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CIN@ATL: Freeman hits a two-run homer

ATLANTA -- When the Braves entered this season with an injury-plagued starting rotation, they certainly did not anticipate approaching May faced with the enviable problem of having to decide who they should remove from the rotation to make room for Mike Minor.

With Minor positioned to potentially come off the disabled list within this next week, David Hale took the mound on Saturday night knowing that he might be making his final Major League start for the foreseeable future. If this proves to be true, the rookie hurler can take solace in that he managed to make this rotation decision even harder on the Braves' brass.

Hale retired 22 of the final 23 batters he faced over a career-high eight innings and benefited from the early power Freddie Freeman, Justin Upton and Evan Gattis supplied in a 4-1 win over the Reds at Turner Field.

After producing this gem in what was just his sixth career start, Hale admitted that he completed this outing with the understanding that he could be the odd man out when Minor is set to join an Atlanta starting rotation that has produced a Major League-best 1.65 ERA through this season's first 23 games.

"Obviously that stuff runs through my head," Hale said. "But I tried not to let it get too deep in there. My goal is to come out here, do the best I can and let things fall the way they will. So, we'll see what happens."

Hale limited the Reds to the two hits and one run he surrendered in the first inning. When asked if this outing further complicated the rotation decision, Braves manager Fredi Gonzalez smirked, shook his head and said, "Oh, let us enjoy this one tonight."

There was plenty for Gonzalez to enjoy as his club rolled toward its 11th win in its past 14 games. Freeman further distanced himself from the vision problems he experienced earlier this week by drilling a decisive, two-run home run off Mike Leake's high fastball in the first inning, immediately after B.J. Upton recorded his 1,000th career hit with an infield single.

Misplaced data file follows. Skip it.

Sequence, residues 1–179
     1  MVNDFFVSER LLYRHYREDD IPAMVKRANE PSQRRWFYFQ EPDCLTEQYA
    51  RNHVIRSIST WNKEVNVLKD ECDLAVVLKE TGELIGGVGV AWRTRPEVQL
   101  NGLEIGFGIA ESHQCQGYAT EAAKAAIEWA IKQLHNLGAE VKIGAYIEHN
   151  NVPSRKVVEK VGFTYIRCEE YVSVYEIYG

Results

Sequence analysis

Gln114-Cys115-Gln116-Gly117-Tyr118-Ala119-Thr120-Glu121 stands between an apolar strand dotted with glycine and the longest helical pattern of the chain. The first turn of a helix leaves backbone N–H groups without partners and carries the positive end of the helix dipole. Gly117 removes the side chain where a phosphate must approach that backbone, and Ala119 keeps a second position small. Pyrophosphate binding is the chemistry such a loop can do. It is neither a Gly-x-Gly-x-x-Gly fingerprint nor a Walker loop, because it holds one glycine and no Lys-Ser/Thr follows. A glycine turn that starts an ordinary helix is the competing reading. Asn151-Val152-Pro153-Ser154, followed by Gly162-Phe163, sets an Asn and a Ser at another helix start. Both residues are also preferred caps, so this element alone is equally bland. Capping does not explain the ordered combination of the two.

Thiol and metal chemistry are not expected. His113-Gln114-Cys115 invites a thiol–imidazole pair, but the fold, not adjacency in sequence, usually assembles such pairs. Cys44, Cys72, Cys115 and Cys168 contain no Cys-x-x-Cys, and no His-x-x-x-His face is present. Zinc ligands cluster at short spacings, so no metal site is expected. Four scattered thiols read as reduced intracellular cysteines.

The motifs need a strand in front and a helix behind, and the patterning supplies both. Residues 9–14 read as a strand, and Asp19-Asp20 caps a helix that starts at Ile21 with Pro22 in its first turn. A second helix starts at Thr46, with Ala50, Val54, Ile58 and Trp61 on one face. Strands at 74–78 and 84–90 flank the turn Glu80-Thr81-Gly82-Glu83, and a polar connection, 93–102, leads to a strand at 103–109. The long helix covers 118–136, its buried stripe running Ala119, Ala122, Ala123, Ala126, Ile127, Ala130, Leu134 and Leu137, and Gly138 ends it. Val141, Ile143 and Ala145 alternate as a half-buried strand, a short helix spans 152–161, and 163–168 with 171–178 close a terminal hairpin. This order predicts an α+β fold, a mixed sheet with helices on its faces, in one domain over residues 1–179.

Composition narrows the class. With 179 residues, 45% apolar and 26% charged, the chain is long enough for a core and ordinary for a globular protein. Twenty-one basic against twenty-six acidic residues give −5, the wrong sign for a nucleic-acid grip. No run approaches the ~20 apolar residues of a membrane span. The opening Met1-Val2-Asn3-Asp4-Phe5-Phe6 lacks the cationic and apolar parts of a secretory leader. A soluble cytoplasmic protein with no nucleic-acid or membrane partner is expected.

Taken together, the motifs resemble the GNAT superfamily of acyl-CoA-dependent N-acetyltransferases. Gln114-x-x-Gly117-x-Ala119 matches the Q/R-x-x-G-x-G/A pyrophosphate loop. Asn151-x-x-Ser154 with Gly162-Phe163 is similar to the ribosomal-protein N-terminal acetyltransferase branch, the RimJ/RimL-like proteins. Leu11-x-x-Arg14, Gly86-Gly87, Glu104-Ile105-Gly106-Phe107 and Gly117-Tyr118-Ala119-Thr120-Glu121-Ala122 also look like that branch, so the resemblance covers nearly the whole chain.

Freeman was denied another home run when his long drive in the third inning was caught at the top of the left-center-field wall by a leaping Ryan Ludwick.

Ludwick's catch came just before Upton and Gattis hit back-to-back homers off Leake, who had only once previously surrendered three home runs in a game. The shots hit by Freeman, Gattis and Upton accounted for the four runs Leake surrendered over seven innings.

"Pitches were left where they could hit it, mistakes," Leake said. "I don't know if Freddie's was a mistake as much as good hitting. It was a tough pitch to do what he did. The other two were center-cut mistakes."

Justin Upton, who also singled twice off Leake, has batted .389 (21-for-54) with seven home runs in his past 15 games. Most of his damage has been done in front of the home fans. He has batted .552 (16-for-29) with six home runs in his past nine home games.

"Everyone always talks about how you score runs -- with home runs or by keeping the line moving," Gonzalez said. "But it always boils down to your pitching and catching a baseball."

Hale began his outing with two quick outs and then allowed each of the next three hitters he faced to reach safely. But after allowing the Reds to gain an early one-run advantage with Ludwick's double off the left-center-field wall, the stoic Braves hurler faced the minimum over the remainder of his outing.

"It's always nice to be able to throw from the windup the whole time," said Hale, who has produced a 2.31 ERA through the four starts he has made this season.

The only blemish on Hale's line over his final seven innings came courtesy of the leadoff walk he issued to Jay Bruce in the fourth inning. Bruce, who also walked in the first inning, was retired when Brayan Pena grounded into an inning-ending double play.

"As far as I noted, we had five balls that we hit hard today," Reds manager Bryan Price said. "That's not a lot. He did a nice job keeping us off the barrel and made good pitches. He had a good mix of fastball, breaking ball and changeup. He did a nice job. He never really gave us a chance to create a rally."

While it would not be easy to remove Hale from the rotation after this kind of outing, the Braves will soon have to make room for Minor, who ranks fourth among National League left-handers with the 2.90 ERA he has produced dating back to July 1, 2012. The Braves certainly are not going to remove Julio Teheran, Alex Wood, Ervin Santana or Aaron Harang, who leads the NL with a 0.85 ERA.

But instead of making an immediate decision, Gonzalez wanted to savor Hale's performance.

"That was really good," Gonzalez said. "I think his first two outings that he pitches, the first two starts of his career last year, he was pretty good, but today, he was … he had that sinker ball going early. He got a lot of balls in play, a lot of ground balls. After the first inning, he settled down and he did a nice job of keeping us in the ballgame."

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